I will preface this post by acknowledging that this is a very imperfect discussion of a difficult topic. There's a risk that if I get the balance wrong, I will appear as either hopelessly naive or a cynical rationalizer. Still, some questions exist not to be definitively answered, but pondered. The worst thing is to leave these questions ignored in the too hard basket.
This post follows on from the end of my last one, "It is important for me to go to work knowing that I am doing good of some sort in the world. At the very least, I don’t want to be causing harm. How are these concerns resolved in the law firm environment?"
I imagine that these questions are a lot easier for people who work in public libraries or school or academic libraries.
Working in a big law firm library is exciting because whenever I read the news, I recognize particular companies and issues which the firm is involved in, and which I have been doing work on.
I hope that the clients of my firm are good companies and individuals, and that my firm (and by extension, me) are helping them do good in the world. But I can never know this for sure. It's possible that the opposite is happening, that sometimes my firm is helping our clients do things which are against my own personal values. That's why I'm ok with not knowing everything which is going on. On an intellectual level, I think it's logical to hope that the good and bad will even out in the wash and that's enough.
That's one justification, but it's pretty weak, so I looked for a more positive answer.
Any analysis of the ethics of being a law firm librarian must begin with lawyers. After all, they're the people we work for. If they're amoral, then so are we, because we're helping them. Although the legal system we have is very flawed, it's the only one we have right now. Yes, it's overly expensive and complicated but so are a lot of things in the twenty-first century.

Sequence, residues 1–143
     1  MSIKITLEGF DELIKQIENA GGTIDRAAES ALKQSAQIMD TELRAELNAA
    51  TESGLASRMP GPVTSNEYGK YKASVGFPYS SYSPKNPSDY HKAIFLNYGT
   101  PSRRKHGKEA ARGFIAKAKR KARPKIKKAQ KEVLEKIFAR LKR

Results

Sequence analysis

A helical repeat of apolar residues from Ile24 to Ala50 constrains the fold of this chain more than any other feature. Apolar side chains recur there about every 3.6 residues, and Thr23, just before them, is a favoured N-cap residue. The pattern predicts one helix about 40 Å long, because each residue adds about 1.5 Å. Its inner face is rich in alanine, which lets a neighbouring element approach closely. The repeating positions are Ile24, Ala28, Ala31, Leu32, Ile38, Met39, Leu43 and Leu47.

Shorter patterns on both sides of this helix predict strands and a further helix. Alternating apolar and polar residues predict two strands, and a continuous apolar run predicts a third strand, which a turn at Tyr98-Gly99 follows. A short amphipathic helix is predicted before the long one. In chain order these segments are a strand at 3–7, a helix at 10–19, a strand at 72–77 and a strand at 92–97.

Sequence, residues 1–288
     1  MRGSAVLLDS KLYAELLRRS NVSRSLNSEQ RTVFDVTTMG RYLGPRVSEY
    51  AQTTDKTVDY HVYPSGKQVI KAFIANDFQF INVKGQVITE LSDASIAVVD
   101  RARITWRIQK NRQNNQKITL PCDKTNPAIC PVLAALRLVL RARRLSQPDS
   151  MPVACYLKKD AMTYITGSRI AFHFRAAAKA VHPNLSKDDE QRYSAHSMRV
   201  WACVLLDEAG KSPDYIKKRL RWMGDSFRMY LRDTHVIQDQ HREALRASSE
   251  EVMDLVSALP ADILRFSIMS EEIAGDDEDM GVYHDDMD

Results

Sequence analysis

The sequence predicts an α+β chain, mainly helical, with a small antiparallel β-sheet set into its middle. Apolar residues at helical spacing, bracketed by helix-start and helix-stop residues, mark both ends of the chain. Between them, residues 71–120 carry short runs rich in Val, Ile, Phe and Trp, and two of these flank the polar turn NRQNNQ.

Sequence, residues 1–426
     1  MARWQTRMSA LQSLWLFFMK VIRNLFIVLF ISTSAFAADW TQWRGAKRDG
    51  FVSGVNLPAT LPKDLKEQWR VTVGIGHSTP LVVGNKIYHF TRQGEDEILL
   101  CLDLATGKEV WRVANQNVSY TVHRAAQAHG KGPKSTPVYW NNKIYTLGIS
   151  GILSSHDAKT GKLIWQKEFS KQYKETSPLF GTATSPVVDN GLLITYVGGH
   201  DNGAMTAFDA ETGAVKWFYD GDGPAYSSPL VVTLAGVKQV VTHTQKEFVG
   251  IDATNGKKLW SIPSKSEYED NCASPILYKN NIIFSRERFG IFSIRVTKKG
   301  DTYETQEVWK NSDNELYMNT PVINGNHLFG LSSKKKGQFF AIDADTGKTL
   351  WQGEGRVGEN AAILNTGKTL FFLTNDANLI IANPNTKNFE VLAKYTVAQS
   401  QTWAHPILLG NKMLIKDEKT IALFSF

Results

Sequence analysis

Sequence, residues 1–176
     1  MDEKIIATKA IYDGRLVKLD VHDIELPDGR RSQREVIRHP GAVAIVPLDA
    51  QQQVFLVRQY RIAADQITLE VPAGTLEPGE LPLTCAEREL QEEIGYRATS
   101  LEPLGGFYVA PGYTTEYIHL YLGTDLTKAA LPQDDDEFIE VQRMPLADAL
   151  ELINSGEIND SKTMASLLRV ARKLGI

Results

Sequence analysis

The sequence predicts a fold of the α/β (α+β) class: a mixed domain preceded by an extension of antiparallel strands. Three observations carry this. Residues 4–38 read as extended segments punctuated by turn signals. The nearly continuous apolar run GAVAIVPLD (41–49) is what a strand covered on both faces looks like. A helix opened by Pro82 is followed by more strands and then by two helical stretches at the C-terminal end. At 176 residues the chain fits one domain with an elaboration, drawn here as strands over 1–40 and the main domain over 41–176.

In this legal system, lawyers play a very important role. On an individual level, having a lawyer doesn't mean that you're definitely going to get justice, but I think that most of a time it will cause a better outcome for you. On the macro level, if people generally have access to lawyers, it's more likely that they can use their full legal rights while not over-stepping the mark and infringing on other's rights, and if they're ever in a dispute, it's more likely that both sides of the story will be heard, which will lead to fairer outcomes.
If one of the problems with legal services is that they're too expensive, law librarians have a positive effect because we can generally do legal research more quickly and more effectively than lawyers, for a lower cost. We also have a training role and help lawyers and paralegals do better research, which ultimately saves time, reduces costs and leads to better outcomes for our clients. I think that law librarians serve as the eyes of the law firm, in both reactive and proactive ways, in the work that we do with current awareness and tracking information.
This leads back to my initial dilemma – what happens if I am indirectly helping a client do things which conflict with my personal values? Well I'll still do my best for that client. This is when I need to trust in the system and hope that the lawyers (and law librarians, if any are involved) on the other side do their best job, and that the judge or jury get it right, and that eventually a fairer outcome is reached. As a law firm librarian, I don't just work for lawyers (directly) and clients (indirectly), both of these things are a part of working for the legal system.
I cannot know on a day to day level if my work is causing good or harm in the world. All I know is that without lawyers and law librarians, our complicated legal system would grind to a halt, and that would be a bad thing. Although the legal system sometimes doesn't cause justice as much as we would like it to, we still need it, and working for this is a good thing in the world.